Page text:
Georgia faces unique difficulties—namely, how to bridge the gap between decades of “Communist” rule and present-day demands for an internationally oriented, capitalist world order. While its extremely problematic to switch from an aging, broken leftist system to one of free market enterprise, most NIS nations, including Georgia, have tried to make the change.
Here, as elsewhere across the former Soviet Union, these efforts have met with rising unemployment, increased poverty, ethnic strife (Ossetia, Abkhazia) and lack of access to basic services, like medical care and consistent electricity. Such results perhaps indicate that Georgia’s current policies don’t best address the needs of its people.
In 1991, a newly independent Georgia rushed to ally itself with Western superpowers. The aid money, military protection, international prestige and potential business advantages implicit in such relationships held great sway with a government trying to develop its economy and distance itself from Russia. Countries like the United States were similarly interested in forging Georgian partnerships. Between Russia and the Middle East, Georgia was of great strategic importance. It represented new markets for American and European-based business conglomerates, and was a boon for oil companies.
Targeted towards increased “democratic participation
‘ and minimized business barriers, U.S. and European aid packages seem admirable. Yet their promotion of Western values and institutions in a Caucasian nation facilitates not popular economic development or independence, but the entry of foreign-based business enterprise to the Georgian economy. Georgia’s recently promulgated constitution, laws protecting foreign investment, and even increased attention to the very Western idea of human rights (evidenced by the proliferation of advocacy groups) reflect its acquiescence to this orientation; eager to reap the benefits of Western ties, the Georgian government mortgages itself to outside interests. International corporations in turn make inroads into Georgian markets, peddling everything from soft drinks to cars and computers.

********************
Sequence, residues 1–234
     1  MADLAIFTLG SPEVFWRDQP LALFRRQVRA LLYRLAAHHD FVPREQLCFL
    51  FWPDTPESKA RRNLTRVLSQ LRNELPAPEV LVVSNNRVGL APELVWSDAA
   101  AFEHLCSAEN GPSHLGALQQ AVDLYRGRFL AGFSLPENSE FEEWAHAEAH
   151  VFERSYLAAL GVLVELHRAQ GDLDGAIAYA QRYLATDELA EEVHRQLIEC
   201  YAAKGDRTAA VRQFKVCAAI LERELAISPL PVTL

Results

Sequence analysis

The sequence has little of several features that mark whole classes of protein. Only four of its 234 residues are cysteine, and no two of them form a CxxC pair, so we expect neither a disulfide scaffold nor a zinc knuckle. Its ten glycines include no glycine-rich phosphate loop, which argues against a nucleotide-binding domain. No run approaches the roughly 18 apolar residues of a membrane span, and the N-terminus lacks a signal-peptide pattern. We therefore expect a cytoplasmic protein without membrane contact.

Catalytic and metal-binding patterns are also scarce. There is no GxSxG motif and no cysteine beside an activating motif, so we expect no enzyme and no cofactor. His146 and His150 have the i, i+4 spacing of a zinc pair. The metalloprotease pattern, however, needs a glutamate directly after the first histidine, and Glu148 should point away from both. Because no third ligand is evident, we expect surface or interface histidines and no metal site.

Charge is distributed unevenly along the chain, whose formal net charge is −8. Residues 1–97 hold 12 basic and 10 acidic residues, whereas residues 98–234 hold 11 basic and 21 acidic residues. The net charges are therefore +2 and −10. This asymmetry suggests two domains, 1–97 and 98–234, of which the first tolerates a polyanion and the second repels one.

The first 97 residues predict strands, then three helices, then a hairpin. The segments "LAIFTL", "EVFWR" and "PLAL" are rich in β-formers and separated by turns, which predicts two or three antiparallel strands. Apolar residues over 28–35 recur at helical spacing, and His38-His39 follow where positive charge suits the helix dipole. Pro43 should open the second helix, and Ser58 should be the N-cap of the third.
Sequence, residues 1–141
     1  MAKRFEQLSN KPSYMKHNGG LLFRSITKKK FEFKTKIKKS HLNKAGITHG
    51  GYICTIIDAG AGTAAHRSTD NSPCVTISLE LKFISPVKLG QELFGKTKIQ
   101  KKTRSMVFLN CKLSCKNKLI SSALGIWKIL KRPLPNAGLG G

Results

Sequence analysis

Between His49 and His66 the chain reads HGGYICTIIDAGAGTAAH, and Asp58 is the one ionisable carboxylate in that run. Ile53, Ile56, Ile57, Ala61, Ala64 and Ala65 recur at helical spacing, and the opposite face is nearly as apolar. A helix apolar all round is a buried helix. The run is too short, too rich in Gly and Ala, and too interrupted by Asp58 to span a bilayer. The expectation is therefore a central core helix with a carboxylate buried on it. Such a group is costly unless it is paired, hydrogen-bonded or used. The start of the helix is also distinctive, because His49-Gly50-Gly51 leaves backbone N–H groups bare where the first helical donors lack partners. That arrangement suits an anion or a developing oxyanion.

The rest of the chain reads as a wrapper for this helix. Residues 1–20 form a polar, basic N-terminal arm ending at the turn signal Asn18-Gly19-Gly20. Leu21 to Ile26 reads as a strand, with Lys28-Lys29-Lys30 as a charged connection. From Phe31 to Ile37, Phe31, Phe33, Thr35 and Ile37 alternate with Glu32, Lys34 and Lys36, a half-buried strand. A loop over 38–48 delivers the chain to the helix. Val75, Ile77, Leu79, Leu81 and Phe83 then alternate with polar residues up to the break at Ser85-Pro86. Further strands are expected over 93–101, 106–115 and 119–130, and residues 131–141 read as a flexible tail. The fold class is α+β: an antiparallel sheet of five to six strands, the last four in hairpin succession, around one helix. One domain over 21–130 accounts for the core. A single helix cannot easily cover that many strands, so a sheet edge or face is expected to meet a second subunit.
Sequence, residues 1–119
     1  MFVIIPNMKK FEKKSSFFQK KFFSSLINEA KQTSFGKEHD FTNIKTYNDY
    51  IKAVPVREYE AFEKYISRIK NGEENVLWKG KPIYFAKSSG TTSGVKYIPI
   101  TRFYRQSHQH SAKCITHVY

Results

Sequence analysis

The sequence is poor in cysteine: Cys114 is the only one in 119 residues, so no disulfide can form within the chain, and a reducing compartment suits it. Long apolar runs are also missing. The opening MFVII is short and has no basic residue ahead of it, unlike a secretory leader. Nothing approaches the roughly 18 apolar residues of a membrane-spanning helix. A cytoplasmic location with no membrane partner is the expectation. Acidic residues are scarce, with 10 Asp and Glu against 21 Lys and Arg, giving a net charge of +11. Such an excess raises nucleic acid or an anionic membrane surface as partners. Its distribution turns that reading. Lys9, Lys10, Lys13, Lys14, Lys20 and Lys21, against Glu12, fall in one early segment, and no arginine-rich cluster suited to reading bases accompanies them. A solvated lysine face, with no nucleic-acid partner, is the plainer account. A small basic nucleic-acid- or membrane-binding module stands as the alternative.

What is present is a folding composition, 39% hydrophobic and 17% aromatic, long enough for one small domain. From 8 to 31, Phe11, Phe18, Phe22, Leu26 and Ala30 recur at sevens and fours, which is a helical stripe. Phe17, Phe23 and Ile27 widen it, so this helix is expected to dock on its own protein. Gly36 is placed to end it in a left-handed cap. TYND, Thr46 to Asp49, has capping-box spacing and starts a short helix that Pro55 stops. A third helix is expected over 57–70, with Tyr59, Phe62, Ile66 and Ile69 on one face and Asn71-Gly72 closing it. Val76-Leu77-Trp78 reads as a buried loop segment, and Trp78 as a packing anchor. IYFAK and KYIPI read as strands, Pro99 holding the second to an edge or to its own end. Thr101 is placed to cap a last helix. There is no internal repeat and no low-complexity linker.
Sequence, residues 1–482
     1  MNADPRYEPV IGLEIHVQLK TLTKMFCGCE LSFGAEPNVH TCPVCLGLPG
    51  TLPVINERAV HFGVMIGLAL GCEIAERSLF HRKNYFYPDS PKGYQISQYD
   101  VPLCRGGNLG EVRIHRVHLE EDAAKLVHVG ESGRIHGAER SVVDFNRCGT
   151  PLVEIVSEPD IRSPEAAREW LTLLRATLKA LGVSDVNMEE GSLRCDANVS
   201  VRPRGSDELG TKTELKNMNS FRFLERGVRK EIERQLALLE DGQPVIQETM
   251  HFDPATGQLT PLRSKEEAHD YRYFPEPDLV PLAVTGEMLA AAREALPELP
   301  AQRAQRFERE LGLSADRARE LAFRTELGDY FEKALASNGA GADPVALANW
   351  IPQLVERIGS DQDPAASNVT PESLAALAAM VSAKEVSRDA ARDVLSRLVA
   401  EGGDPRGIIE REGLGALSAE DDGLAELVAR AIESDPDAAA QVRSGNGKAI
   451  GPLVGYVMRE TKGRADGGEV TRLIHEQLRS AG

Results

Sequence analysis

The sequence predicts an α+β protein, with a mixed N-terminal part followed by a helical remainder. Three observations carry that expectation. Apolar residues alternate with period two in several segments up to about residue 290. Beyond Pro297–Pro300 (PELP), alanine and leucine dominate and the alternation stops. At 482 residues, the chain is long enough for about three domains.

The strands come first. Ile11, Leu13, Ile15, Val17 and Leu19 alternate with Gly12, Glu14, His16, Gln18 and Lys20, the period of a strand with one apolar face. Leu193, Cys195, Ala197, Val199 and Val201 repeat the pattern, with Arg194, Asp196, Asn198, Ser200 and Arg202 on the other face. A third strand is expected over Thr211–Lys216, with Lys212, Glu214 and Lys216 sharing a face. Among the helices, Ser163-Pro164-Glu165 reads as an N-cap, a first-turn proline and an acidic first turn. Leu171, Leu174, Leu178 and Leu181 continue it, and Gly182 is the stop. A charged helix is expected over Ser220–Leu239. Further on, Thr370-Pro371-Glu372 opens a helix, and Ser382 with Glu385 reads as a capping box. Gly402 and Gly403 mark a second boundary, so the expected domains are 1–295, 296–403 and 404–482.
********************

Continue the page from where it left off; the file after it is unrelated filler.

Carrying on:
While generating some degree of employment and capital, foreign presence in Georgian commerce is in several respects detrimental. The dearth of domestic Georgian industry allows international corporations to operate in a vacuum, dictating prices, consumption patterns, and, to a certain extent, values. Their monopolization of the market discourages others from starting Georgian-based enterprises, while their American and European-based investments simultaneously channel profits away from Caucasus communities.
While newly written Georgian laws encourage indigenous business ventures, capital and precedent are lacking. Legislation and democracy- or foreign industry-directed dollars can’t jump start an economy without first laying basic building blocks. Georgia’s many and varied resources, highly educated population, savvy foreign connections and experience with different political models are keys to this endeavor.
Georgian-generated capital can best promote national stability and prosperity. Increased customs duties (like airport entry and departure fees for non-citizens), income taxes (levied on the wealthiest Georgians), land rentals (leasing territory for military purposes, scientific study, etc.) and transit fees (for pipeline oil) would domestically generate workable income. This in turn could foster industry (like mining, or mineral extraction and export) and business enterprises (wine, water, bread and cheese exports, regional tourist ventures, etc.). Government incentives (like free generators for tax-paying hoteliers) would speed the process. Promotional activities, like hosting international sports events, festivals or competitions, and encouraging foreign exchanges would produce additional income and worldwide prestige for all of Georgia.
Nationally run interests are best situated to help Georgia. The employment, domestically invested profits and important products they provide fuel the economy, reduce international dependency and increase at-home stability. Such effects are passed to Georgians, whose increased job prospects, security, and material clout will reflect benefits unattainable through foreign corporations and a government excessively tuned to them.